Typically, you'll be able to use native C-types to deal with the SAPI Library, but sometimes some special types will be required. This mainly happens when passing pointers to simple types, and pointers to memory blocks (structures, arrays). Because you operate on local process memory (of the host code), when calling a function taking a pointer, it must be converted into a corresponding pointer inside the sandboxed process (SAPI Library) memory.
Take a look at the
var_*.h files provide classes and templates representing various types of
::sapi::v::UChar represents well-known
unsigned char while
::sapi::v::Array<int> represents an array of integers (
When creating your host code, you'll be generally using functions exported by
an auto-generated SAPI interface header file from your SAPI Library. Most of
them will take simple types (or typedef'd types), but when a pointer is needed,
you need to wrap it with the
::sapi::v::Ptr template class.
Most types that you will use, provide the following methods:
::PtrNone(): this pointer, when passed to the SAPI Library function, doesn't synchronize the underlying memory between the host code process and the SAPI Library process.
::PtrBefore(): when passed to the SAPI Library function, will synchronize memory of the object it points to, before the call takes place. This means, that the local memory of the pointed variable will be transferred to the SAPI Library process before the call is initiated.
::PtrAfter(): this pointer will synchronize memory of the object it points to, after the call has taken place. This means, that the remote memory of a pointed variable will be transferred to the host code process' memory, after the call has been completed.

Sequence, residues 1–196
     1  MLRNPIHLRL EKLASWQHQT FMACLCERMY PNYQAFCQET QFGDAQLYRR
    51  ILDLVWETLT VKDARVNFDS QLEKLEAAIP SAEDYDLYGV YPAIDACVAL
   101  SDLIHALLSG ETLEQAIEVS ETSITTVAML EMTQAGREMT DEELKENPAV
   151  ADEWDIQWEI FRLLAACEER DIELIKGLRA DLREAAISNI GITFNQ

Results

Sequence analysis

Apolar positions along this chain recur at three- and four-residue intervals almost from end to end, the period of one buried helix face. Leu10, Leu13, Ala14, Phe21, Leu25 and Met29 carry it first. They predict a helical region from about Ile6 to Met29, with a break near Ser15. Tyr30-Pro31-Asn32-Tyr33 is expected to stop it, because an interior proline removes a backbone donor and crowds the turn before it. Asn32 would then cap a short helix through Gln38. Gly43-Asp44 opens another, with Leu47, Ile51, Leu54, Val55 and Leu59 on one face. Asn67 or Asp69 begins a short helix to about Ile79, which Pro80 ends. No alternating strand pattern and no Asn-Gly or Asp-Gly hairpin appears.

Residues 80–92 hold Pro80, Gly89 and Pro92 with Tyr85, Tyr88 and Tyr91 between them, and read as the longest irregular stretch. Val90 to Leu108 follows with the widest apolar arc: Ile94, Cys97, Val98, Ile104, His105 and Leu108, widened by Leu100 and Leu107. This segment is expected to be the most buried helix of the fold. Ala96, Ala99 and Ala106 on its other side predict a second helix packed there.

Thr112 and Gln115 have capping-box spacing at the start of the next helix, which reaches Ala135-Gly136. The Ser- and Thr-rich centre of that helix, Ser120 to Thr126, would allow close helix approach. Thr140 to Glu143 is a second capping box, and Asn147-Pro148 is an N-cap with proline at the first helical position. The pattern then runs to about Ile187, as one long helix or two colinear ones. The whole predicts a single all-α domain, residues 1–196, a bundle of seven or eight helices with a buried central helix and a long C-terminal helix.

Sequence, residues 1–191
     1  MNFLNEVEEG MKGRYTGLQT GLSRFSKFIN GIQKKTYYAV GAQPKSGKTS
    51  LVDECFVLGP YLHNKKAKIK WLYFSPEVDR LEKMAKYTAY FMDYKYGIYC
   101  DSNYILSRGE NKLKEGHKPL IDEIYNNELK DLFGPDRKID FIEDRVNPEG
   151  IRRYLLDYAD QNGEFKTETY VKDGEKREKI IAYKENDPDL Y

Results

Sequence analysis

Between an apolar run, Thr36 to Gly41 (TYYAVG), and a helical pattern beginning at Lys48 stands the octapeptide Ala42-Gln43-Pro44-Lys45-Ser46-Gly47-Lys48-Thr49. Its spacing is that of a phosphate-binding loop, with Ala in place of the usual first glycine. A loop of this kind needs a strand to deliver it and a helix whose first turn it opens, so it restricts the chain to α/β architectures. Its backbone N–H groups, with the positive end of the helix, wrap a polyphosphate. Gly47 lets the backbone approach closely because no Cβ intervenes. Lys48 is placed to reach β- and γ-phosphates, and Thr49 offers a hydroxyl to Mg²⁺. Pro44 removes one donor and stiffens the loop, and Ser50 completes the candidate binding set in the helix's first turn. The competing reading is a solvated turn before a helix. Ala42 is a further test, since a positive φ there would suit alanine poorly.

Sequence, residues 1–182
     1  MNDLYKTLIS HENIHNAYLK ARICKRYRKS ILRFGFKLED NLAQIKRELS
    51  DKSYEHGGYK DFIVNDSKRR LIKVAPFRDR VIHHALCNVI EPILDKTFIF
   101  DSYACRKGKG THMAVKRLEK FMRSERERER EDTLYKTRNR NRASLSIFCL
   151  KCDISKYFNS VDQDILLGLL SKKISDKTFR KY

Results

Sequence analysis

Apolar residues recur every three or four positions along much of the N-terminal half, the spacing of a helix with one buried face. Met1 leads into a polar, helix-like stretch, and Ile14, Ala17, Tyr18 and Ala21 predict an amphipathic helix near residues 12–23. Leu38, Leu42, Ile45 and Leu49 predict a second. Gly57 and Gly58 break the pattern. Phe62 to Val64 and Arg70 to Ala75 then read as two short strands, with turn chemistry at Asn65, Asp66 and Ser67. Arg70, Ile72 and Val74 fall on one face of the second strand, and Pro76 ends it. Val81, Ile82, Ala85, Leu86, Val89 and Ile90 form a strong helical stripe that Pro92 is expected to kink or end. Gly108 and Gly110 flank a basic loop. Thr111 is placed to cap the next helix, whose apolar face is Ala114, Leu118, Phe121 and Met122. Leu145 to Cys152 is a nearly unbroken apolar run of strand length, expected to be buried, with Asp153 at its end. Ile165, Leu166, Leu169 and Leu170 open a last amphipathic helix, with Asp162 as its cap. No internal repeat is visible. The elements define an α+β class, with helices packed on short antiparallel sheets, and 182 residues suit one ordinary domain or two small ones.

::PtrBoth(): combines the functionality of both
When a pointer to a structure is used inside a call to a SAPI Library, that
structure needs to be created with the
::sapi::v::Struct template. You can use
Both() methods of this template to obtain
::sapi::v::Ptr object that can be used in SAPI Library function
::sapi::v::Array template allows to wrap both existing arrays of elements,
as well as dynamically create one for you (please take a look at its
constructor to decide which one you would like to use).
The use of pointers is analogous to Structures.
Our canonical sum library demonstrates use of pointers to call sandboxed functions in its corresponding SAPI Library.
You might also want to take a look at the Examples page to familiarize yourself with other working examples of libraries sandboxed with SAPI.